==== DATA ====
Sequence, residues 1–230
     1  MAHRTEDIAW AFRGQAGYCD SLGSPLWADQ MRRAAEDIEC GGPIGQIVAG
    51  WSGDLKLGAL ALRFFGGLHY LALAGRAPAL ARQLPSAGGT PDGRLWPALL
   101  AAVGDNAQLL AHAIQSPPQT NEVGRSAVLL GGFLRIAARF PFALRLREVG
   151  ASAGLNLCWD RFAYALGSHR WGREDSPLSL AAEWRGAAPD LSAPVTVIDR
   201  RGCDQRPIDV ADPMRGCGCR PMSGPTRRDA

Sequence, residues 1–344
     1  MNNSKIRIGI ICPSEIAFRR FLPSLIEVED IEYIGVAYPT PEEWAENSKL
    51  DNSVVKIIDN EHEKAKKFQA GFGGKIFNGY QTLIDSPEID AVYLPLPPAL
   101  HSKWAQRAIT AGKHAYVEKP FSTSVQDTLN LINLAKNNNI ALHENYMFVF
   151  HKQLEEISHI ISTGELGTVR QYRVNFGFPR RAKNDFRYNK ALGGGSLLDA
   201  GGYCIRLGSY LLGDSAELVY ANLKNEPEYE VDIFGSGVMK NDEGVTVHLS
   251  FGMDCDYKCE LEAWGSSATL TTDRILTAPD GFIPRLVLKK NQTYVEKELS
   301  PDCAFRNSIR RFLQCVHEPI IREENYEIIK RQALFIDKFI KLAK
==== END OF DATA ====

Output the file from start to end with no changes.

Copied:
Sequence, residues 1–230
     1  MAHRTEDIAW AFRGQAGYCD SLGSPLWADQ MRRAAEDIEC GGPIGQIVAG
    51  WSGDLKLGAL ALRFFGGLHY LALAGRAPAL ARQLPSAGGT PDGRLWPALL
   101  AAVGDNAQLL AHAIQSPPQT NEVGRSAVLL GGFLRIAARF PFALRLREVG
   151  ASAGLNLCWD RFAYALGSHR WGREDSPLSL AAEWRGAAPD LSAPVTVIDR
   201  RGCDQRPIDV ADPMRGCGCR PMSGPTRRDA

Sequence, residues 1–344
     1  MNNSKIRIGI ICPSEIAFRR FLPSLIEVED IEYIGVAYPT PEEWAENSKL
    51  DNSVVKIIDN EHEKAKKFQA GFGGKIFNGY QTLIDSPEID AVYLPLPPAL
   101  HSKWAQRAIT AGKHAYVEKP FSTSVQDTLN LINLAKNNNI ALHENYMFVF
   151  HKQLEEISHI ISTGELGTVR QYRVNFGFPR RAKNDFRYNK ALGGGSLLDA
   201  GGYCIRLGSY LLGDSAELVY ANLKNEPEYE VDIFGSGVMK NDEGVTVHLS
   251  FGMDCDYKCE LEAWGSSATL TTDRILTAPD GFIPRLVLKK NQTYVEKELS
   301  PDCAFRNSIR RFLQCVHEPI IREENYEIIK RQALFIDKFI KLAK